Monday, 3 February 2014

Goal setting: the key to lifestyle management?

Earlier this week I delivered a workshop to a group of talented young athletes.  We covered topics such as goal setting, time management and decision making, in that order, which was planned, but was only as we were discussing each topic, that it really dawned on me, just how important goals are to every aspect, not only of sport, but of life outside and beyond sport.  Knowing what you achieve is paramount in managing time, and it's a lot easier to make decisions, when we know what we want to achieve in the short, medium and long term.

Not all goals are made consciously.  High performing athletes will set goals for each session that they do, without realising that they have even done so.  Some days it will just be to get the session done; other days it'll be to perform a personal best on repetition.  After years of training and competing, goals in the performance setting will just come naturally.  Goals are not so easy in an unfamiliar environment, like when we are injured, or when we're planning for life after sport.  Considerable thought is often required in these situations.

Coping with Injury
Setting goals can be a great way to overcome injury.  You don't have to think about what you want to achieve after the injury - this often results in over-compliance to rehab programmes, and rushing back to training before you're ready - but think about the process goals that will help you get the most out of your time off.  Depending on the individual, the sport, and the injury, these are some goals that you might set for yourself while injured:

1. To undertake all exercises prescribed by they physiotherapist each and every day of rehab - no more and no less
2. To take up a new hobby, which I will practice daily (when I would normally be training), to take the focus away from the injury and not being able to compete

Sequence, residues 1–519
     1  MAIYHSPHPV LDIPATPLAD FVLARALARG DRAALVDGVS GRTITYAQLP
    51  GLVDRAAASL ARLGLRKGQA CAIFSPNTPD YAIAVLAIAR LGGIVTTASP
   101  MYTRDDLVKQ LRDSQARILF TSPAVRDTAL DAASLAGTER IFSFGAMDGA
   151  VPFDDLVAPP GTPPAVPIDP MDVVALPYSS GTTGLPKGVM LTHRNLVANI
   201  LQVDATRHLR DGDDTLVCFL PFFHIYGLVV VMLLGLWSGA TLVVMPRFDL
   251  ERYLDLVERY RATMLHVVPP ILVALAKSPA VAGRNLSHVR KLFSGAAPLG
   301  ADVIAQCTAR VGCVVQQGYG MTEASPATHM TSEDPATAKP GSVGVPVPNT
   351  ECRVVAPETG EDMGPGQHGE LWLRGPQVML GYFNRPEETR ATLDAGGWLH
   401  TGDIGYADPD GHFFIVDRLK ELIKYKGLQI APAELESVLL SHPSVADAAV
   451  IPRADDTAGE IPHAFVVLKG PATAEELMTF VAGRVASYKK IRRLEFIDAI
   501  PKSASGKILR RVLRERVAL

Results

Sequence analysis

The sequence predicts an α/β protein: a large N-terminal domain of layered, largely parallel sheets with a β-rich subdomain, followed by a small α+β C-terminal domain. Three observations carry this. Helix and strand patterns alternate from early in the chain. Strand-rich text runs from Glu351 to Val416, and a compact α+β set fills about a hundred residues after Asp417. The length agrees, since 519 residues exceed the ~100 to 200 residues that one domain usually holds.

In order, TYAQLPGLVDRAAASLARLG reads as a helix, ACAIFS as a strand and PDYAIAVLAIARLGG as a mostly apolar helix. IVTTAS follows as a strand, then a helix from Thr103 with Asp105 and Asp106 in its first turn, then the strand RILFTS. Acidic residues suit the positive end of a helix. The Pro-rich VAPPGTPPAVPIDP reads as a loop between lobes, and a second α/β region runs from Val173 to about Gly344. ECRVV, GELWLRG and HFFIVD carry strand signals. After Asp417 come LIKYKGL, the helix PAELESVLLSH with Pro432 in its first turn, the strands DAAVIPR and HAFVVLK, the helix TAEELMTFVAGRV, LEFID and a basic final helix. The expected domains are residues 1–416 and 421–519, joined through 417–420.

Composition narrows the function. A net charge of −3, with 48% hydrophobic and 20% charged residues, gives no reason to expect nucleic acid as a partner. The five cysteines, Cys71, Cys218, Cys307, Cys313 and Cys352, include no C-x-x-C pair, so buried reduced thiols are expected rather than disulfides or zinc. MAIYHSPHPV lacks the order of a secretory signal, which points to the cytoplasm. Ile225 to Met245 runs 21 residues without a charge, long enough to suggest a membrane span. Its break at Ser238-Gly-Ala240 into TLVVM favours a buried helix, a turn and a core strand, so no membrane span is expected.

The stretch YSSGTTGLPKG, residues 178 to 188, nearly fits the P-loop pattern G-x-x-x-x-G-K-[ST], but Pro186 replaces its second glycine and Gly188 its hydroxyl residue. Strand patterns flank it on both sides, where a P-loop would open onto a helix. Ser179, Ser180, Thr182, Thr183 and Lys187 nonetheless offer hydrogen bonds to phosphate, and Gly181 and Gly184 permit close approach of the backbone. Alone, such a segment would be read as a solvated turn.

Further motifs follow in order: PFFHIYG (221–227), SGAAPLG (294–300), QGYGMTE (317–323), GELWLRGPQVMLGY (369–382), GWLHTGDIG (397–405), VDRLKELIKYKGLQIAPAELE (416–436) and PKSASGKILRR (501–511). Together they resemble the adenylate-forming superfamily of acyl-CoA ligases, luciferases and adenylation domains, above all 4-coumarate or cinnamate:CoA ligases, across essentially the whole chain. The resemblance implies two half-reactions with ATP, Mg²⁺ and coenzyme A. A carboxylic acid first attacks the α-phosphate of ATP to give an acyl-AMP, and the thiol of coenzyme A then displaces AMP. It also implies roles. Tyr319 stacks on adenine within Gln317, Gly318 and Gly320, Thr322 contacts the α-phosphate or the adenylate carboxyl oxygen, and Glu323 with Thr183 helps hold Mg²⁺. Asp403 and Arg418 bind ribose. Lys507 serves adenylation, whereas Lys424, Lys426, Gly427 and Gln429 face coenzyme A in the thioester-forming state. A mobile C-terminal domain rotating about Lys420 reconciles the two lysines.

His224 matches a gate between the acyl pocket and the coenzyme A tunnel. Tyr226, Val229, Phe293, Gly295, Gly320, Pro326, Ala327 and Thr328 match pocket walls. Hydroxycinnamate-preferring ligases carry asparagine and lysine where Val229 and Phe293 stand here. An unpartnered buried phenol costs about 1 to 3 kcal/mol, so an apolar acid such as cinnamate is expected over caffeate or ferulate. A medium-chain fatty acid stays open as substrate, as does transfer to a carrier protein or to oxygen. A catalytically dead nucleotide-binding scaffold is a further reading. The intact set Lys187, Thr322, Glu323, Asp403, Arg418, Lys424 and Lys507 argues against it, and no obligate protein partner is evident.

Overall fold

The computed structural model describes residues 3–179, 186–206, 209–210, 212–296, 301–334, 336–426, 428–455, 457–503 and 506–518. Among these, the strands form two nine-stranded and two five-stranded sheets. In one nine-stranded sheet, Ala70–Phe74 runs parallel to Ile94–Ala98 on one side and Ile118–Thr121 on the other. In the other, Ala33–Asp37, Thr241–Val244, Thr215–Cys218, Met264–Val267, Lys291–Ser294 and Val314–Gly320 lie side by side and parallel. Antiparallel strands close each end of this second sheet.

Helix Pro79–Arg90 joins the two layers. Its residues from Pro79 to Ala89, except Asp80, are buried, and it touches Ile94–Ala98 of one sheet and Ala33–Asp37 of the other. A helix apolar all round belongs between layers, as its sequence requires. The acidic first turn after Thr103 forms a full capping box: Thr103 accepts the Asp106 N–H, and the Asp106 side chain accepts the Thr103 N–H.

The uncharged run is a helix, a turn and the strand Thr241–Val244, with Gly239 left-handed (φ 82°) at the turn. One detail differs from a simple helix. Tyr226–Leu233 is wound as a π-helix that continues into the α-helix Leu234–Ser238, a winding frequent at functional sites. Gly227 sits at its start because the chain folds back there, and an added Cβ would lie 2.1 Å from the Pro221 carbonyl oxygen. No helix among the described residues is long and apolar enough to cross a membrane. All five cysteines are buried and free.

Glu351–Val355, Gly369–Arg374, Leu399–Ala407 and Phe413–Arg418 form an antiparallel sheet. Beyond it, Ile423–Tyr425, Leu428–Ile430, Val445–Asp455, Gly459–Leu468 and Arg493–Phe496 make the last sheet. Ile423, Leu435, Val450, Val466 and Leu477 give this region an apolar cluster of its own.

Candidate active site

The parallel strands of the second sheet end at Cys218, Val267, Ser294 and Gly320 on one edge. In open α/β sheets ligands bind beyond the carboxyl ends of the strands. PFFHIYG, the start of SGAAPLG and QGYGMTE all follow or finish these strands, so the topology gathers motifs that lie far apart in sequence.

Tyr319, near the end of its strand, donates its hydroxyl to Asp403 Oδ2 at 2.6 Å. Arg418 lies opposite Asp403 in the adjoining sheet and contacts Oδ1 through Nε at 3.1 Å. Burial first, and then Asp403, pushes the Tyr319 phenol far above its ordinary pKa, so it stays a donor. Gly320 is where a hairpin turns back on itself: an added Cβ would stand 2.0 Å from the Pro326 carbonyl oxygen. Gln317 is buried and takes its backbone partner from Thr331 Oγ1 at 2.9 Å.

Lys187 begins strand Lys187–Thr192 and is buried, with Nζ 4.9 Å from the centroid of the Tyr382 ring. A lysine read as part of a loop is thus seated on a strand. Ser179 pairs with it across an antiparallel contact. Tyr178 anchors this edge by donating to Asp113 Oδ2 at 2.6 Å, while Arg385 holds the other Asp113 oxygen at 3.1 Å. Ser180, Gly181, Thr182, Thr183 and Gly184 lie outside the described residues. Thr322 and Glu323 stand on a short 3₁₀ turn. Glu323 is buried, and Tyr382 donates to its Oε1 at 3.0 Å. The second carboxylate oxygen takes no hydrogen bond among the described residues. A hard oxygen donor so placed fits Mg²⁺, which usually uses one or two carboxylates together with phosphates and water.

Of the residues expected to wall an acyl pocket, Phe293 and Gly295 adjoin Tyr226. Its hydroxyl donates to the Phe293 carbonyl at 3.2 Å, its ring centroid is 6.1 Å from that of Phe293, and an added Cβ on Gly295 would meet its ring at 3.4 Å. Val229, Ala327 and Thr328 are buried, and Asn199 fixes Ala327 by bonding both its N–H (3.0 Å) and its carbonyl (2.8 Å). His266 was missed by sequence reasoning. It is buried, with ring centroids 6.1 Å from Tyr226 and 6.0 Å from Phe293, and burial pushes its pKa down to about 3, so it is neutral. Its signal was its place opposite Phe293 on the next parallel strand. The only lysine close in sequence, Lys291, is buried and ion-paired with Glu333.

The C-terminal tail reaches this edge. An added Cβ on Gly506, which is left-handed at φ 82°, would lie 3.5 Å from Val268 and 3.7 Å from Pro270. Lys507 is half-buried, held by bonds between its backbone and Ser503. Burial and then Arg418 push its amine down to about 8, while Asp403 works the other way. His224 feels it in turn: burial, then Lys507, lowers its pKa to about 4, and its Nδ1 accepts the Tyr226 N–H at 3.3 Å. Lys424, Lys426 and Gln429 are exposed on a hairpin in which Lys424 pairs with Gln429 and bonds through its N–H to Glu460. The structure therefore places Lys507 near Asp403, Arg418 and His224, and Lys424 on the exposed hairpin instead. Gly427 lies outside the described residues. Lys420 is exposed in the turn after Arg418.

3. To carry out a period of mental imagery each day in which I will focus on perfect technique
4. To have a massage once every two weeks
5. To use the downtime to catch up on dental appointments and other things that normally detract from training
6. To maintain a structured routine

Not all goals need to be performance goals, and outcome and process goals are especially important during times of injury, illness, transition, or poor form.

Managing your time
Over the years of working with high performance athletes, I have noticed that those who manage to fit the most into their lives, are the ones who know what they want to achieve in both sport and outside of sport.  I've come across medical students who have managed to compete at an international level, and triathletes who can fit training for three sports around being a full-time student.  There are enough hours in the week - we just need to be motivated enough to use them wisely.

When planning for the week, it's a good idea to write down a few goals for the week; plan our time; and then reflect on whether or not our allocation of time is reflective of what we want to achieve in that week.  There is no special wand which will suddenly make us 'time-managed' but know what we want to achieve will make us more efficient with out time.

Making decisions
We all have important decisions to make from time to time - what subjects do we choose for A-levels/Leaving Cert? Which university do we attend? What will we do after university? Is it a good idea to become full-time athletes? Do we want children? Is it time to retire?  For some of us, these decisions will be made, or the options at least narrowed down naturally, but for many, we have to actively make the effort to wade through the options and decide what we are going to do next.  This takes energy and effort which we would probably prefer to conserve for training, but not making a decision, and leaving it to sit on the back of our minds, can use a lot more energy.  Decisions are important!

Knowing what are goals are can greatly help when making decisions.  If your sport is the most important thing in your world, then make sure that you choose a university where you have the facilities, coaching and environment to maintain your training.  There are rarely any right or wrong choices, but if your goals can't be achieved by the decisions that you have made, you are unlikely to lead a satisfied life.   Making decisions based on your goals also prevents you making them for the wrong reasons, or making them to keep others happy.

In summary, goals don't just help us to preform better - they help us decide what is important to us, to decide what we want to achieve in life, how to transition from one phase of life to the next, to deal with injury, to manage our time, and to make decisions.  They are the key to managing our lifestyle, whether that be as a student-athlete, retiring sportstar, or active mother.  Goal setting is the key to lifestyle management.

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